Wednesday, June 18, 2014
For Ye Have Need of PATIENCE!
This isn't the first time something like this has happened. I remember how impatient I was with my companion at the MTC. I had to stretch myself to be patient with this wonderful young sister when she woke up late, etc. Now I'm the one being impatient again, and my current companion is so patient and loving with me as I struggle through some health issues I face. What right have I to be impatient with her?
The apostle Paul wrote, "for ye have need of patience, that, after ye have done the will of God, ye might receive the promise" (Hebrews 10:36). I think he's trying to tell me something. I often find myself anxiously awaiting the next exciting thing to happen in my life. When I'm at home, I can't wait to get back to BYU-Idaho, but when I'm at school, I can't wait for the semester to be over so I can go home. Christmas is too far away! When will it be summer? How much longer is this road trip? Why won't this webpage load? When will that boy call me? When will Friday get here? Will this class ever end? Yep, that's me, all the time, 24/7. One thing that I find myself saying often is, "When will this trial ever be over?" In Romans, Paul tells us, "We glory in tribulations also: knowing that tribulation worketh patience; and patience, experience; and experience, hope" (Romans 5:3-4). So, what you're telling me is that if I am patient through my trials, I will gain experience, and this experience will give me hope? I guess I can believe that! And why do I have these trying times? Why do I have to endure such horrible trials? Well, James put it this way: "The trying of your faith worketh patience. But let patience have her perfect work, that ye may be perfect and entire, wanting nothing." After this, he tells us that if we lack wisdom, we must ask of God (James 1:3-4).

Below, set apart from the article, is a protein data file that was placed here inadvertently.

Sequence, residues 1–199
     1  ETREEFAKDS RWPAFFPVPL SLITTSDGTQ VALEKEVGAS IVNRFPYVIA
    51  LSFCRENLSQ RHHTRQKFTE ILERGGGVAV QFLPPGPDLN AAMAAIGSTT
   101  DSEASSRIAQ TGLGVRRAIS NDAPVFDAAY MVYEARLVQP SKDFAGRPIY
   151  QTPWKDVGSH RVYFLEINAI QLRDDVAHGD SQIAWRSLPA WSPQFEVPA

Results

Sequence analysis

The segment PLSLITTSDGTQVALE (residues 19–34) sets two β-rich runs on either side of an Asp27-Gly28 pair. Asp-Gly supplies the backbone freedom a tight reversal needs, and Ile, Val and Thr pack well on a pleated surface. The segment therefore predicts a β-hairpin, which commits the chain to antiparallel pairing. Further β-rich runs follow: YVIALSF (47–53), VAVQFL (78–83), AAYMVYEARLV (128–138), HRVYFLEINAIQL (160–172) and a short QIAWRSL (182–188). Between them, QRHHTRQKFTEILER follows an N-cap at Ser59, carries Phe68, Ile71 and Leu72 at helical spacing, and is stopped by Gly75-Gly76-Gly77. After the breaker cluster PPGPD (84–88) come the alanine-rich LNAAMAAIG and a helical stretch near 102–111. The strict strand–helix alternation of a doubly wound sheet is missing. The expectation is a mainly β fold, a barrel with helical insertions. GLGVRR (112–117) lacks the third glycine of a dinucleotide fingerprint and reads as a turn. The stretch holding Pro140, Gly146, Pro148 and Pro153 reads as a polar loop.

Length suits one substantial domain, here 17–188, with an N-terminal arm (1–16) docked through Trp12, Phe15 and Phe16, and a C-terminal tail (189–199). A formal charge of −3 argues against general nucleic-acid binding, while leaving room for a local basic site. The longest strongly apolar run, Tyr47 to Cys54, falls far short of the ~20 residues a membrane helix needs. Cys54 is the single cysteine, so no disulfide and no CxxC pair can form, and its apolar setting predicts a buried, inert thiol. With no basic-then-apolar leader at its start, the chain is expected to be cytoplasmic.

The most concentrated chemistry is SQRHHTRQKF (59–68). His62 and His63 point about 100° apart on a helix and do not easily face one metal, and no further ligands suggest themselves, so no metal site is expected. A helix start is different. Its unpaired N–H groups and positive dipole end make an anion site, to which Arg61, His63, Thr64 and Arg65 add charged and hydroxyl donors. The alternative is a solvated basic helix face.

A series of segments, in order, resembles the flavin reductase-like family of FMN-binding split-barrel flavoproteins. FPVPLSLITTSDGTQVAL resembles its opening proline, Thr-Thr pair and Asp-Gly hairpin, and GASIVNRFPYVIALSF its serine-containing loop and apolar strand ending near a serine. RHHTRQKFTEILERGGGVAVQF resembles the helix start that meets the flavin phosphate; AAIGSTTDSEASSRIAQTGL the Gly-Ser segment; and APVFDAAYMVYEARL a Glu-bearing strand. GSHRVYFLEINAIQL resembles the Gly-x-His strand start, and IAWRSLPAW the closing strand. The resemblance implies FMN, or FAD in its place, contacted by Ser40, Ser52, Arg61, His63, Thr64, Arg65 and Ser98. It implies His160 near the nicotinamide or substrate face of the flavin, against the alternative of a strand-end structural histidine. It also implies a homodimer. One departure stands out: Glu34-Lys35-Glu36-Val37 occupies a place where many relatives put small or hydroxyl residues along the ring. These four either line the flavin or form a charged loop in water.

How do I get over this impatience? (Here's where the irony comes in: "When will I ever be patient?!"). Paul continues, "For yet a little while, and he that shall come will come, and will not tarry. Now the just shall live by faith." Faith? Oh, I have plenty of that! But I still have a hard time waiting! I think the first step in becoming patient is found in Mosiah chapter 3, verse 19. It talks about how the natural man is an enemy to God. If you think about it, the natural man is abhorrent; the natural man lies, lusts, errs, hurts, ills, and dies. But, if we "yield to the enticings of the Holy Spirit, and putteth off the natural man and becometh a saint through the atonement of Christ," then we can find those virtues that come with putting off the natural man, one of which is becoming patient. First, we must become as a little child. I don't know about you, but I wasn't a patient child, but King Benjamin seems to think that children are patient. I know, he was talking about the innocent nature of children. Anyways, it all comes back to humility. We can't be patient unless we're humble. That's the bottom line. Humility brings patience.
I won't pretend that I'm patient. In fact, the stomping episode I mentioned at the beginning of this article, it happened just an hour ago. We're all imperfect, and we all make mistakes. We won't all be patient at all times, but we can sure try. At the end of it all, all that matters is how hard we tried. Be humble. Be patient.